I have never been a book lover, not that I have anything against them, I am sure they have their use, but I was never a kid to bury my head in a novel and sit quietly in the corner for hours. Alas, as my mother found out, I was more interested in dismantling the radio alarm clock to make a lazer gun or tying chunks of bread to fishing line and trying (in vain) to catch birds in the back garden. These are just two examples of the manic projects I would give myself that distracted me from books. That’s not to say I don’t have a small collection of the classics which I decided to force myself into reading. Turns out I actually quite like Hunter S Thompson, F Scott Fitzgerald and a number of other novelists who have random single letters in their names.
Books for me are points of reference I choose to dip in and out of when in need of research or ones that have lovely arty pictures of naked women (oops, I mean bikes)..such as Rouleur from Rapha – the most beautiful cycling magazine in the world. Of course I have my fair share of whisky titles upon the shelves. Thing is though, there is only so many times you can read about how big your mash tun is, how many litres your washback holds or the strain of yeast you use. “You make whisky right? Tastes good does it? Brilliant, I will try some thanks.”
The trouble with most whisky books is that they are either aimed at a certain individual who perhaps have a good knowledge of whisky and will lodge that piece of information about the worm tubs somewhere in the back of their mind to recall at an opportune moment with some equally geeky enthusiasts. Or, are so basic and lacking in any real content that they are best used as a door stop or coaster for your dram.
It was with great delight then, when yesterday a copy of Ian Buxton’s new ’101 World Whiskies to try before you die’ dropped on my desk. The nicely sized book (it will fit on your shelf) is the follow up release from Ian’s 101 Whiskies to try before you die which as the titles suggests is, oh you get it!
So why another book? Well, as Ian says in the prologue, the world is changing and the “world” of whiskies is just that – worldly. So this edition has a tiny proportion of scotch and is more concerned about what’s happening outside of Scotland.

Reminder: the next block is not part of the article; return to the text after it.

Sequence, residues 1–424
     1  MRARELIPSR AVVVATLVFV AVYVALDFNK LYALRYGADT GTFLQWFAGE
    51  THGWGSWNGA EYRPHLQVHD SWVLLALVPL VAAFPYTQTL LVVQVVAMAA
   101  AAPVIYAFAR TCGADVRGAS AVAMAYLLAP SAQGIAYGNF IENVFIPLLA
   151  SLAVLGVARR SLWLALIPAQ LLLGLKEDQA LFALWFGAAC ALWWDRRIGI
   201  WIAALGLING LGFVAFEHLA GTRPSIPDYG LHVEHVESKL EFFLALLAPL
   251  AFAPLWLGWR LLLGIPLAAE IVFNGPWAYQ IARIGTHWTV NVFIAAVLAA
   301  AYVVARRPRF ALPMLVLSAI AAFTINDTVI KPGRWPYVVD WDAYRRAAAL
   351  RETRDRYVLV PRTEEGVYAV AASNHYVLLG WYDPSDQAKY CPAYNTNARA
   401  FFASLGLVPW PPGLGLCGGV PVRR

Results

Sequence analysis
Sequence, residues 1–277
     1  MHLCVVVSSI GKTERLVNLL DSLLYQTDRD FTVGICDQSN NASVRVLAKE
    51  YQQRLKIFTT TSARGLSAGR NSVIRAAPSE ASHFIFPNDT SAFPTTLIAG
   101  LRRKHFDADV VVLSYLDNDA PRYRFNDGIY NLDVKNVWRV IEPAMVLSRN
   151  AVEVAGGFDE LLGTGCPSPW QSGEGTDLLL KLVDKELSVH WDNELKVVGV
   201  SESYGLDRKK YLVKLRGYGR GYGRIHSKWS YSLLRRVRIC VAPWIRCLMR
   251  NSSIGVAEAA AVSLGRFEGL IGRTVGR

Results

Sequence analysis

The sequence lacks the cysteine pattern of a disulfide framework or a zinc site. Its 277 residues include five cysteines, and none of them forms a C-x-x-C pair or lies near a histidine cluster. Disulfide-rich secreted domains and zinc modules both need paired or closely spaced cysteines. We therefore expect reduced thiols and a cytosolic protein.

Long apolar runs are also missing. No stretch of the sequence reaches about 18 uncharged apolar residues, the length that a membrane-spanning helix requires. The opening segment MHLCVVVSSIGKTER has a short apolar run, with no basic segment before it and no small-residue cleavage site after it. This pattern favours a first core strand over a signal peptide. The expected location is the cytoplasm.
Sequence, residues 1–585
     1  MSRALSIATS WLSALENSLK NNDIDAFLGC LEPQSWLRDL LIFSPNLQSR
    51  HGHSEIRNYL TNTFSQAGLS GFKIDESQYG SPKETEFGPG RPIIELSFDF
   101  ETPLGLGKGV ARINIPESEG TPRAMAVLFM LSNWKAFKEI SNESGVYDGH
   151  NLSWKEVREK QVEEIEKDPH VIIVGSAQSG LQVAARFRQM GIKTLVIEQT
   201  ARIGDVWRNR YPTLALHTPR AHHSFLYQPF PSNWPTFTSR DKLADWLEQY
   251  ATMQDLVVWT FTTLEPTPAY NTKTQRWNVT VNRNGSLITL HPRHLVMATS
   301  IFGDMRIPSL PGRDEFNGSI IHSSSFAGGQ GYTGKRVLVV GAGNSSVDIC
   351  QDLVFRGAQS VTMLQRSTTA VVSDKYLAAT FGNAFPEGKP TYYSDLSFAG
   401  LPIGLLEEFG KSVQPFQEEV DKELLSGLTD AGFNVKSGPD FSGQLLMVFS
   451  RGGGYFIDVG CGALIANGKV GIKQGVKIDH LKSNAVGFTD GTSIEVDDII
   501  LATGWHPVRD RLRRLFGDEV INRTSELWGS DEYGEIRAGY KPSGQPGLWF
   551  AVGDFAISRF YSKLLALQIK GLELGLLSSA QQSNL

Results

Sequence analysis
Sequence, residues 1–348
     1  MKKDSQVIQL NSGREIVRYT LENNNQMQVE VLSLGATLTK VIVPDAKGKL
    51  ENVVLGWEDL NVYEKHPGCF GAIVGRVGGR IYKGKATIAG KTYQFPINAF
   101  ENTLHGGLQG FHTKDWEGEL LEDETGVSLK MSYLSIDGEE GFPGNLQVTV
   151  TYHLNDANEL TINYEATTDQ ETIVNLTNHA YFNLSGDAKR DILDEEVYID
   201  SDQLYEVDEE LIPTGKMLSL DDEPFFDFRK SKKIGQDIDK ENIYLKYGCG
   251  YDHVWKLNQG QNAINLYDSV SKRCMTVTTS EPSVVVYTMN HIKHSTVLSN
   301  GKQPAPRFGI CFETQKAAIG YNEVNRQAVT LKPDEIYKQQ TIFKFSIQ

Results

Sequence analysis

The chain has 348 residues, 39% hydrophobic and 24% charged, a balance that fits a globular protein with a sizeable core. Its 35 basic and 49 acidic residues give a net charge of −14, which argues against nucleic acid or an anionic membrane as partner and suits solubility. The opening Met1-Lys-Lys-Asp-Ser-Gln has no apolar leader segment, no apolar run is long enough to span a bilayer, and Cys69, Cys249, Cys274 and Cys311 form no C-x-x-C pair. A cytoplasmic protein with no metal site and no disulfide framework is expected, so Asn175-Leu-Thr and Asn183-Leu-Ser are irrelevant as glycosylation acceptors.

On my first flick through I was surprised to see Johnnie Walker Jubilee staring at me. Oh oh, here we go again, another book filled with unobtainable drams and overly priced bottlings….but upon closer inspection the index of the whisky said “Distillery: What do you care, you’re not getting any” Brilliant! I am hooked.
I have always known that Ian and I share a similar view on whisky collecting and limited releases kept high in price or created just for the collectors market- basically we don’t like it. You can read my viewpoint in this earlier post. And he pushes this point home at the beginning of the book.
As I mentioned, the book is a nice size to flick through, the bottles are big and clear on each left hand page for ease of visual indexing and the descriptions are short, punchy and to the point. There are the odd detailed entires scattered here and there about production and maturation, but they certainly do not take centre stage- instead, the book is a fun and lighthearted collection of annectotes peppered with facts. It’s Ian’s blunt, no nonsense approach that helps make this book a welcome addition to my shelf. Oh, and the honesty- for example when reviewing the German whisky Slyrs, Ian happily admits that having not been to the distillery, he looked up all the notes online and says “So, apart from the fact I’ve tried it and you almost certainly haven’t, with a few minutes research you could know as much as I do. No need to bother though, just read the rest of this entry for enlightenment.”. Why can’t more whisky books be like this?
The book is available from Amazon from July 5th but you can pre order it here. And I suggest you do. This is just the kind of reference book I would have loved to write, but given my inability to self-edit my version would surely be filled with profanity. Not sure that would sell so well as I suspect Ian’s will.